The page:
driving metaphors

I wreck frequently.  I wrecked just the other day.  Knock wood, these aren’t catastrophic crashes, but friendly fender benders in well-trafficked malls and busy neighborhood intersections.  My targets are parked or moving at a snail’s pace.  It’s as if the ability to see them clearly is what messes me up.  When cars whiz by or turn when it’s not their right of way, I swerve or stop or reconnoiter like a Nascar driver. 

In fact, Nascar was formative in my driving.  My mother was our family’s primary caregiver.  Naturally, she could tire of this role and on these occasions demanded Daddy demonstrate some family engagement.  Once he met her challenge with season tickets to the Bristol Motor Speedway, proudly announcing our seats were so close to the track we’d get tire soot on our faces.  We did.

Besides the soot, I got a primer in speeding and a respect for men in zippered uniforms.  My not-yet brother-in-law was enlisted to teach me to drive and remediate my ideas about speediness.  He took me to a cemetery for practice on its windy roads.  I confused the gas and brake pedals and drove his hand-me-down Oldsmobile up a dogwood tree just down from a funeral.  I’m not sure if it’s to his credit or not that he still proposed to my sister.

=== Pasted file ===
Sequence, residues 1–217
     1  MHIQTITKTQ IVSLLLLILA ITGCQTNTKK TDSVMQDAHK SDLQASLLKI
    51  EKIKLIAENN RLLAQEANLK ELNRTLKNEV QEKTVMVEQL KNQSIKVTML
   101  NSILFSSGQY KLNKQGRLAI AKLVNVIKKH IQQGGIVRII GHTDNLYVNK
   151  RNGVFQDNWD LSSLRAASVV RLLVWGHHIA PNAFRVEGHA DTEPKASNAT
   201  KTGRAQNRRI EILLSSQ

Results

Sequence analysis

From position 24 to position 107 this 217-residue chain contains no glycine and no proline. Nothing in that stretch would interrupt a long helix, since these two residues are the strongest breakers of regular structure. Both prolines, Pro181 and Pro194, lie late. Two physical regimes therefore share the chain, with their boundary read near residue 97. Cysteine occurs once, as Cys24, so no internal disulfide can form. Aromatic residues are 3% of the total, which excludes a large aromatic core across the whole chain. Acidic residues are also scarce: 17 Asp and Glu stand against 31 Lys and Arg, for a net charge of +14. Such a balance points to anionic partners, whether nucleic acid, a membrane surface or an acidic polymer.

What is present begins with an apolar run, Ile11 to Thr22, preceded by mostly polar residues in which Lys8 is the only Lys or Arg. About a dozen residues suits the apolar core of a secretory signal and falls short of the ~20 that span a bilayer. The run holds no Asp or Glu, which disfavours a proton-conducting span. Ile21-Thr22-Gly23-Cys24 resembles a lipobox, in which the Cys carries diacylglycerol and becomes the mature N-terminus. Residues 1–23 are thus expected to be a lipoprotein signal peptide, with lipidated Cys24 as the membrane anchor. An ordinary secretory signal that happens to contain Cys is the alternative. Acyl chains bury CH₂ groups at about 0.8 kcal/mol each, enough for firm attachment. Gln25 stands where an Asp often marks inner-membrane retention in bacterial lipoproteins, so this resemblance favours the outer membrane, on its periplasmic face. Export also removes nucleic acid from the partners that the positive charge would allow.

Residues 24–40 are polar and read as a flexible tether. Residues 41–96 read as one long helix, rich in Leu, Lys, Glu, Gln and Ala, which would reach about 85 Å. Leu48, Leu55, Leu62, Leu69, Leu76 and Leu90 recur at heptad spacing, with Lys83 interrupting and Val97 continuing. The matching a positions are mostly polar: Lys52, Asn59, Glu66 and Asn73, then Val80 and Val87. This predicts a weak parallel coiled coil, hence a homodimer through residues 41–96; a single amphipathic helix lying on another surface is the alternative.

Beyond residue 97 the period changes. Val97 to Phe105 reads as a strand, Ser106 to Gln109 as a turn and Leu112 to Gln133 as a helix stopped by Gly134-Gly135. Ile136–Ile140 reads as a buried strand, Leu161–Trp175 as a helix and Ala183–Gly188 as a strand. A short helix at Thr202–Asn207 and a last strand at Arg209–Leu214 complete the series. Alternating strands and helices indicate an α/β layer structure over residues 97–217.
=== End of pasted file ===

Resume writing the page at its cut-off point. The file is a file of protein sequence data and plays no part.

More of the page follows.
I still struggle with speeding, but not with men in one-pieces.  Driving the speed limit and carefully commandeering a vehicle requires such effort, especially with so much else to do.  It’s a metaphor for many of my dilemmas.  I want the benefits of meditation, but my monkey mind wants to wander and ruminate. I want the offspring of a well-thought plan, but my patience packs up and I’d rather jump into the next thing.

Years ago, I got pulled over in my 1984 Volvo.  The officer asked if I knew why he almost rear-ended me.  “Were you driving too closely?”  I asked.  My car had no brake lights.  Alas, another metaphor.  Sometimes I have trouble stopping in clear, purposeful ways.

Maybe I’ll try driving instead of driving while multitasking.  Maybe I’ll practice coming to a purposeful, recognizable stop instead of tapping pause and moving on through.  My guess is life be smoother, more intentional, and richer.  Our insurance rates might drop, too.

Whitney Cain